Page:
Harry Boland (1887-1922)
Harry was born on
Jim Boland was very active in Dublin GAA circles and he was also politically active. After the death of Parnell, Jim opposed Tim Healey for control of the Irish Party. In a dispute over control of the United Ireland newspaper office, Jim received a blow to the head. While thought to be a minor injury, it later developed into a cyst that exerted pressure on his brain. As time went on he experienced severe headaches and loss of memory. After an unsuccessful brain surgery, Jim's health deteriorated rapidly. Catherine fetched a priest from nearby Phibsborough church to give her husband last rites. The priest refused to administer the last sacrament because Jim was an adamant Fenian. *"Catherine sent for Fr. Headley, a sympathetic Dominican priest who gave Jim the last anointing….Harry was eight years old when he lost a father he loved and admired very much."
Harry was educated at the Synge St. Christian Brothers' School but after a personality clash with one of the brothers, Harry refused to return to school. Nellie was sick with TB and Harry went to live with Tom Tynan and his wife and for 3 years he attended de la Salle College, Co. Laois as a novitiate. He excelled at sports in the college, hurling was his dominant game. The atmosphere of the Peafield House was very nationalistic and Harry did the same work as the three Tynan brothers, with Thomas Jr. being the same age as Harry, so they spent a good deal of time together. Harry's older sister, Nellie died from the effects of TB
Both Harry and his brother Gerry joined the Irish Republican Brotherhood on
the same day in 1904. He was a prominent member of the Gaelic League and a
He joined Irish Volunteers along with brothers Gerry and Ned at the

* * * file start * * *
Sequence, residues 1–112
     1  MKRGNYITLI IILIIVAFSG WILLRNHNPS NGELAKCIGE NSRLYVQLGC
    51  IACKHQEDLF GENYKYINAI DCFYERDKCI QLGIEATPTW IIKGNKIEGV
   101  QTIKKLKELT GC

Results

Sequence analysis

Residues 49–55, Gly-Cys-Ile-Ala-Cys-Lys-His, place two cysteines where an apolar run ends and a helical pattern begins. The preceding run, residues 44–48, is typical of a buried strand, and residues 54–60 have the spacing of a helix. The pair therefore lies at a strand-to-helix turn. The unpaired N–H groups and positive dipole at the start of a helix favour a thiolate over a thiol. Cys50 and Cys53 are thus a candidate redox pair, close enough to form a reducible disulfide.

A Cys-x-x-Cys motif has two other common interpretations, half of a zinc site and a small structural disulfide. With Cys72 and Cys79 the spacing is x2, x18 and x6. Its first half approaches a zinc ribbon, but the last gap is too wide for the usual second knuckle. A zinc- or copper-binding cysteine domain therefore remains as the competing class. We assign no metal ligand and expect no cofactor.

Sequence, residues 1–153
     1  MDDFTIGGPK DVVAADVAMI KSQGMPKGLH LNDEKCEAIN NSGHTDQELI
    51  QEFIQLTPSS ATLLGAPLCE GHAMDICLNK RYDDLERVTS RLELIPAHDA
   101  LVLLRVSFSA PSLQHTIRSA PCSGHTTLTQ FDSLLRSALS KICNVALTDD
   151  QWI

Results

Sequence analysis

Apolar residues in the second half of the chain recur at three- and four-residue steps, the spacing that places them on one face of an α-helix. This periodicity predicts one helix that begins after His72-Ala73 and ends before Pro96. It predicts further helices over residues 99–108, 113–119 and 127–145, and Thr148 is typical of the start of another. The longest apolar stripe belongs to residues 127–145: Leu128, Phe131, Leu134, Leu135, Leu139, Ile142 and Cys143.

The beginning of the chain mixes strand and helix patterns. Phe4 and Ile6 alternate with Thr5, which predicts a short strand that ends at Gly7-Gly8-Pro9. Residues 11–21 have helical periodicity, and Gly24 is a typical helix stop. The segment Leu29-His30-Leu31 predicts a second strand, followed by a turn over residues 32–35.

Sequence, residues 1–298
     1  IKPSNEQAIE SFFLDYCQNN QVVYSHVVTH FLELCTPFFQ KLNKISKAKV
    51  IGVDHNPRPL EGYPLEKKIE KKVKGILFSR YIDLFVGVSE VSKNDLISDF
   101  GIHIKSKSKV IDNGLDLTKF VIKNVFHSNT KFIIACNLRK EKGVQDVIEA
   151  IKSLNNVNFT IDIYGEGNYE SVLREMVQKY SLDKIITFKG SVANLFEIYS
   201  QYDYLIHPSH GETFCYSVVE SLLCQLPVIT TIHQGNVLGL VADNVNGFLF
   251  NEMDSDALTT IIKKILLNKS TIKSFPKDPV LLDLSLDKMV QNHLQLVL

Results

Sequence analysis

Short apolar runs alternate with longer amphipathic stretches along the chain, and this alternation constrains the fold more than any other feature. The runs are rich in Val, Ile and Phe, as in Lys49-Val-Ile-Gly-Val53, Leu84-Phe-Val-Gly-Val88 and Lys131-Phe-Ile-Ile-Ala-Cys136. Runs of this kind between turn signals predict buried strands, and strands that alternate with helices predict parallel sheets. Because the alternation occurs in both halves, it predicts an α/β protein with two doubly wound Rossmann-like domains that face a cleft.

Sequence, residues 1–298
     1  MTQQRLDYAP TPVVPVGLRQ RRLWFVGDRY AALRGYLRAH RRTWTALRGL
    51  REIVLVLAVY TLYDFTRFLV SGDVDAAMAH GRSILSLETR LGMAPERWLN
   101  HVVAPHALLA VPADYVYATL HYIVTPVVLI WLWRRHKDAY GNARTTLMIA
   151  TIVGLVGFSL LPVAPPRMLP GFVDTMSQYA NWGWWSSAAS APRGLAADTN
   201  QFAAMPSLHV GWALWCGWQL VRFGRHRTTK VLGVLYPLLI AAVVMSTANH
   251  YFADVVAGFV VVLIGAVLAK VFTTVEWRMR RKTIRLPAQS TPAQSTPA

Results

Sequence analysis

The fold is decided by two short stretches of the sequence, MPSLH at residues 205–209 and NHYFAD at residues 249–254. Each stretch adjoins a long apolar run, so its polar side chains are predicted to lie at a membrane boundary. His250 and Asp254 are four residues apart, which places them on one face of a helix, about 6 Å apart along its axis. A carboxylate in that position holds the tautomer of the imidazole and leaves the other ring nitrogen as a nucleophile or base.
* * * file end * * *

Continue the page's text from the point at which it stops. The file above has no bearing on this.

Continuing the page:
inaugural meeting at the Rotunda. Harry, Ned and Gerry all participated in the
Easter Rising of 1916. He was imprisoned for his role in the Easter Rising of
1916. After being identified by a prisoner he had taken and then released
during the evacuation of the GPO, he was separated from the main body of Irish
prisoners and told that he was to be court-martialled.
*Harry was sentenced to ten years penal servitude (with five years
remission). After a brief stop at Mountjoy, Harry
along with others was shipped to
Through the help of funds raised by a hurling match, Harry opened a tailor
On January 21, 1919 while the first Dáil Éireann was assembling - Harry Boland and Michael Collins were on a boat to England to perform a special undercover job - namely, breaking deValera from jail - others answered the roll call for them and they were officially marked present.
After being freed from
jail, deValera decided to go to
Harry took the place of Séan McGarry on the Supreme Council of the IRB and shortly after he became president. The IRB did not disband after the formation of the Dáil Éireann, although Cathal Brugha, the Minister of Defence, thought that its existence was no longer needed. Collins and Boland believed the IRB had important work still to do.
He was later named Honorable Secretary of Sinn Féin, working closely with Michael Collins, 1917; Roscommon TD, 1918; ambassador to US, 1919, organising de Valera’s fund-raising trip; supported him in rift with Devoy; opposed Treaty; re-elected for Roscommon, June 1922; assassinated in Skerries Grand Hotel during Civil War, May 1922; there is a painting of the ‘Funeral of Harry Boland’ by Jack B. Yeats in the Sligo Public Library Collection.
Jim Maher, Harry Boland (Cork: Mercier Press 1999), 284pp.; David Fitzpatrick, Harry Boland’s Irish Revolution, 1887-1922 (Cork UP 2003), 420pp.
Source: http://www.pgil-eirdata.org/html/pgil_datasets/authors/b/Boland,Harry/life.htm and *Jim Maher, Harry Boland